Posts Tagged nutrition

Dietary advice, nutritionism, and marketing

Michael Pollan discusses Americans’ dietary changes in the aftermath of the publication of the Dietary Goals for the United States:

For while it is true that Americans post-1977 did shift the balance in their diets from fats to carbs so that fat as a percentage of total calories in the diet declined (from 42 percent in 1977 to 34 percent in 1995), we never did in fact cut down on our total consumption of fat; we just ate more of other things…Basically what we did was heap a bunch more carbs onto our plate, obscuring but by no means replacing the expanding chunk of (now skinless white) animal protein sitting there in the middle.

How did that happen? I would submit that the ideology of nutritionism deserves as much of the blame as the carbohydrates themselves do–that and human nature. By framing dietary advice in terms of good and bad nutrients, and by burying the recommendation that we should eat less of any particular actual food, it was easy for the take-home message of the 1977 and 1982 dietary guidelines to be simplified as follows: Eat more low-fat foods. And that is precisely what we did. We’re always happy to receive a dispensation to eat more of something (with the possible exception of oat bran), and one of the things nutritionism reliably gives us is some such dispensation: low-fat cookies then, low-carb beer now. It’s hard to imagine the low-fat/high-carb craze taking off as it did or our collective health deteriorating to the extent that it has if McGovern’s original food-based recommendation had stood: Eat less meat and fewer dairy products. For how do you get from that stark counsel of the idea that another carton of Snackwell’s is just what the doctor ordered? (50-51)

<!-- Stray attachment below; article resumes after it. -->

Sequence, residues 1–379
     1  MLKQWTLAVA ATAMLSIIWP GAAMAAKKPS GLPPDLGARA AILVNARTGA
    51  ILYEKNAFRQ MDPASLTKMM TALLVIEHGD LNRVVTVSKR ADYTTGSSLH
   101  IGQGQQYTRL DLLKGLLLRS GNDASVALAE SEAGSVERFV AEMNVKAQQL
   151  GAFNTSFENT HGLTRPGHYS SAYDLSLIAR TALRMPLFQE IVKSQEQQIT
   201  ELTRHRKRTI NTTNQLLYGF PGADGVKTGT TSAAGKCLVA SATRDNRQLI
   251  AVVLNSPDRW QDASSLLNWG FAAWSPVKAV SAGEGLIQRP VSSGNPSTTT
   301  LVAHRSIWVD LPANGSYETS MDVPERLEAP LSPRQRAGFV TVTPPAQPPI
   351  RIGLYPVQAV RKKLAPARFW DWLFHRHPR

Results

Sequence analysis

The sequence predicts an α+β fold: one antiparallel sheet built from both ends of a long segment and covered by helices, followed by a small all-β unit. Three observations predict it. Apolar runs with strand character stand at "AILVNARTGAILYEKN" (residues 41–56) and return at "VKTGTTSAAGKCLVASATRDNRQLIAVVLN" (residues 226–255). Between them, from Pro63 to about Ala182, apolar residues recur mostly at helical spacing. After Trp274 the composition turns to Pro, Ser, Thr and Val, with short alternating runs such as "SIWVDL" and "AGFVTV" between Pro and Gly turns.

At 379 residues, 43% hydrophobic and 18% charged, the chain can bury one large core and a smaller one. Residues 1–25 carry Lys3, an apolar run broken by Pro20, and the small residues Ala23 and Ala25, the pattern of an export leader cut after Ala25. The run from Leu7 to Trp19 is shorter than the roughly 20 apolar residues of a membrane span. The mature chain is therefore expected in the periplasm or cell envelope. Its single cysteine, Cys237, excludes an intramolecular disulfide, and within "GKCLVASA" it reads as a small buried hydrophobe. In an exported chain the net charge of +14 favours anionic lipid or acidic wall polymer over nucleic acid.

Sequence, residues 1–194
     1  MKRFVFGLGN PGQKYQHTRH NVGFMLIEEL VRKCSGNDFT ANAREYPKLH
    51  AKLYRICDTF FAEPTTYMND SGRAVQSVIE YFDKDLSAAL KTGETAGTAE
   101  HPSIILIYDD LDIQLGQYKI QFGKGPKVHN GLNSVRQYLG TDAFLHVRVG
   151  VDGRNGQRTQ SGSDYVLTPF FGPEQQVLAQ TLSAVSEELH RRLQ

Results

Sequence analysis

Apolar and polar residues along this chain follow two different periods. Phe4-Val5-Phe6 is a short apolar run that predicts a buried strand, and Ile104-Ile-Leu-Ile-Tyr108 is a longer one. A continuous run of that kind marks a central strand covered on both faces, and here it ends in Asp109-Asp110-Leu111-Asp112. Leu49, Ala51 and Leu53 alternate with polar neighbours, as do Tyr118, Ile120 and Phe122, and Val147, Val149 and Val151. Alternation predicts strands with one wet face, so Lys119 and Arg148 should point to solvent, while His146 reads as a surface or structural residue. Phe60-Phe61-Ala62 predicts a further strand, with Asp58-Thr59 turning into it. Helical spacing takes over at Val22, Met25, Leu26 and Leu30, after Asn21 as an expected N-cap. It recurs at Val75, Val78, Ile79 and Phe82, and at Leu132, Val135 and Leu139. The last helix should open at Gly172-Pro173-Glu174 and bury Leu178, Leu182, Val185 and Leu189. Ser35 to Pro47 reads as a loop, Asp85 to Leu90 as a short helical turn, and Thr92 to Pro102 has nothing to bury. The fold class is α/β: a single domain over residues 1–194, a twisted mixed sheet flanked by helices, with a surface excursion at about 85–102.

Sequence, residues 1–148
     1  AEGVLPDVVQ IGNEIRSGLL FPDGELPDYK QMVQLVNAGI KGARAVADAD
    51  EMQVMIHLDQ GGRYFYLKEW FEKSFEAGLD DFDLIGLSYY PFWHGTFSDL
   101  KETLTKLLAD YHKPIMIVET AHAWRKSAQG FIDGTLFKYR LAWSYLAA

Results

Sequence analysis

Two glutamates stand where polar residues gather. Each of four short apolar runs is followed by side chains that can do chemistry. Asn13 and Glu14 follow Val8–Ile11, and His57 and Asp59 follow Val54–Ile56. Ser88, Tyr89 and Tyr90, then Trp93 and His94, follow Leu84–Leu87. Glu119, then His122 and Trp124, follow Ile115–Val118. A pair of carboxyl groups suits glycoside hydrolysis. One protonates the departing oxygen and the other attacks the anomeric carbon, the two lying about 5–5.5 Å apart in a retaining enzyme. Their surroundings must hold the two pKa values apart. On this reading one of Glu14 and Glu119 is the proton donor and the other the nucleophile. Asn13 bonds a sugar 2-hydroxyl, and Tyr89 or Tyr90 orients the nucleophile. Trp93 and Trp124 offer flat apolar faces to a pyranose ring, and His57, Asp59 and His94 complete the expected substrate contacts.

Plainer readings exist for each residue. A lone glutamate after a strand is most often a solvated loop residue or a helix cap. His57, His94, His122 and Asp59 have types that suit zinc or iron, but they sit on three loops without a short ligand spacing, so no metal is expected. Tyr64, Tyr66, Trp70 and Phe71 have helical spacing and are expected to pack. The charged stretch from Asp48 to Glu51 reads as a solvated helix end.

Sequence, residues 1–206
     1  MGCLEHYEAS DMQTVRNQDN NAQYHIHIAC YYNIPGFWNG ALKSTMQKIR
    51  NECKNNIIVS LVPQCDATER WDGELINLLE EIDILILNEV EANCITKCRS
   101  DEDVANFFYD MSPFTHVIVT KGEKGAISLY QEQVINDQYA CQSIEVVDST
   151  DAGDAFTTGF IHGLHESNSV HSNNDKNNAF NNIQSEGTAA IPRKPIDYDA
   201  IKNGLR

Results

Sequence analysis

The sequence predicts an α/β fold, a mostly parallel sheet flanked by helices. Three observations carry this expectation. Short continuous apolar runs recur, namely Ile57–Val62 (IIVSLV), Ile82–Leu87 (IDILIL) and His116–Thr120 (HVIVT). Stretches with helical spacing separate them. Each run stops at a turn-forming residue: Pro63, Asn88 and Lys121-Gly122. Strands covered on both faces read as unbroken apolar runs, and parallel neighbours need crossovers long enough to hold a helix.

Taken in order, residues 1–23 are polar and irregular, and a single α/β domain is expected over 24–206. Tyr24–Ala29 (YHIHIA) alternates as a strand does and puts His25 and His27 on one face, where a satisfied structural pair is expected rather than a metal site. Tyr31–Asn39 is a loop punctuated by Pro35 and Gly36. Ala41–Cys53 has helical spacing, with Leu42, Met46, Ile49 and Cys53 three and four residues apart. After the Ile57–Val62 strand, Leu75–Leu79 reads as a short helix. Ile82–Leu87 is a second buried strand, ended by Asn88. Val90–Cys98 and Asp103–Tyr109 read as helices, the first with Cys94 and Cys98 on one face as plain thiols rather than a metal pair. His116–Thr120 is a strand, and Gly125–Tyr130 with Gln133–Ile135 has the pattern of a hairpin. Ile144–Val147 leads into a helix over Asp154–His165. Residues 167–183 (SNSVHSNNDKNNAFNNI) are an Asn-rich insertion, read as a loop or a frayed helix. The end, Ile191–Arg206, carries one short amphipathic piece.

I’m not convinced that Americans tried particularly hard to follow the low-fat dietary advice. After all, Pollan chronicled in The Omnivore’s Dilemma the rise of fast food over roughly the same period, even claiming that there’s no animal flesh in nature with as much fat as a chicken nugget.

My main point in writing, however, is to call into question Pollan’s argument that the focus on nutrients made it particularly easy for us to take dietary advice the wrong way. If McGovern’s original advice, to eat less meat and fewer dairy products, had stood, it could have been simplified to “Eat more dairy-free and meatless foods.” Nabisco could have given us dairy-free Snackwell’s (no doubt loaded with hydrogenated vegetable oils), and fast-food chains might have given us breaded vegetable protein instead of chicken nuggets. Thus, the idea that a focus on nutrients makes dietary advice particularly prone to co-optation by food companies is not nearly as obvious as Pollan would have us believe.

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Some corrections and clarifications

Last Friday, while working on my last entry, I came to the realization that two sentences in my piece in the Berkeley Science Review in September were not quite right. These sentences contained a number of claims which were either subtly wrong, misleading, or which simply could have been expressed more clearly.

The sentences in question came in my response to Michael Pollan’s assertion that “the dietary advice enshrined not only in the McGovern ‘Goals’ but also in the National Academy of Sciences report, the dietary guidelines of the American Heart Association and the American Cancer Society and the U.S. food pyramid bears direct responsibility for creating the public health crisis that now confronts us.” I wrote,